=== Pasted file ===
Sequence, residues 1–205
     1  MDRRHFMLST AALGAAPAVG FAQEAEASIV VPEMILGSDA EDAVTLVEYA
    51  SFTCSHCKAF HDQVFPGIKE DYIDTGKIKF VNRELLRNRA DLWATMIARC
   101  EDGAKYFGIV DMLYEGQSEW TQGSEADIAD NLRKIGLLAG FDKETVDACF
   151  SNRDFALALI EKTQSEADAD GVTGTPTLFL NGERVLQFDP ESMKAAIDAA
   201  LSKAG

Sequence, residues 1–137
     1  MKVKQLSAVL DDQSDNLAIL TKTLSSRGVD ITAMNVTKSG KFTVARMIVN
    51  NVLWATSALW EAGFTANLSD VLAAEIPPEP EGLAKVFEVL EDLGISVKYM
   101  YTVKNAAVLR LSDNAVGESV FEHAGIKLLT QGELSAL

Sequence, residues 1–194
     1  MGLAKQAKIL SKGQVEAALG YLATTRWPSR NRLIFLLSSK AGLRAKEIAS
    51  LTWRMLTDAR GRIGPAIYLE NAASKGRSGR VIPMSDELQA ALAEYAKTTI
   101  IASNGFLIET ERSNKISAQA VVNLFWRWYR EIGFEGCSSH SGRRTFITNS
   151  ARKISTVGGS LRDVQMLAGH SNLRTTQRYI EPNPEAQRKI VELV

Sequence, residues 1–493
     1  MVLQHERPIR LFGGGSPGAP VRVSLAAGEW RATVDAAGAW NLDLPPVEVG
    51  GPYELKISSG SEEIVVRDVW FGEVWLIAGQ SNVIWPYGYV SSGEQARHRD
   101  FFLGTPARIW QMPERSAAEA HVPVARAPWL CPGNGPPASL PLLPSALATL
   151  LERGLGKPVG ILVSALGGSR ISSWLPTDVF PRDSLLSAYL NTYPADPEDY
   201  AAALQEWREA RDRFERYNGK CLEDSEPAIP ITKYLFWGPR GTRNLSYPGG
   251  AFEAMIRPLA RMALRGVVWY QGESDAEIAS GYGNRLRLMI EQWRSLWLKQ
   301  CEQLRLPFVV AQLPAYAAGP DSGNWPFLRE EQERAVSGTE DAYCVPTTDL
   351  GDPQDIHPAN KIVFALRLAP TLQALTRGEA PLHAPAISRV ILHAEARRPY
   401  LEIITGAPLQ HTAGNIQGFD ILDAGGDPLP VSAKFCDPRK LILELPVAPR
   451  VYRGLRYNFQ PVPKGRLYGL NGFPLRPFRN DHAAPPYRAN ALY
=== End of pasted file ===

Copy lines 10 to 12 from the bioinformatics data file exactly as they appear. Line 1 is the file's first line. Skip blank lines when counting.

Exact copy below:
   101  YTVKNAAVLR LSDNAVGESV FEHAGIKLLT QGELSAL

Sequence, residues 1–194
     1  MGLAKQAKIL SKGQVEAALG YLATTRWPSR NRLIFLLSSK AGLRAKEIAS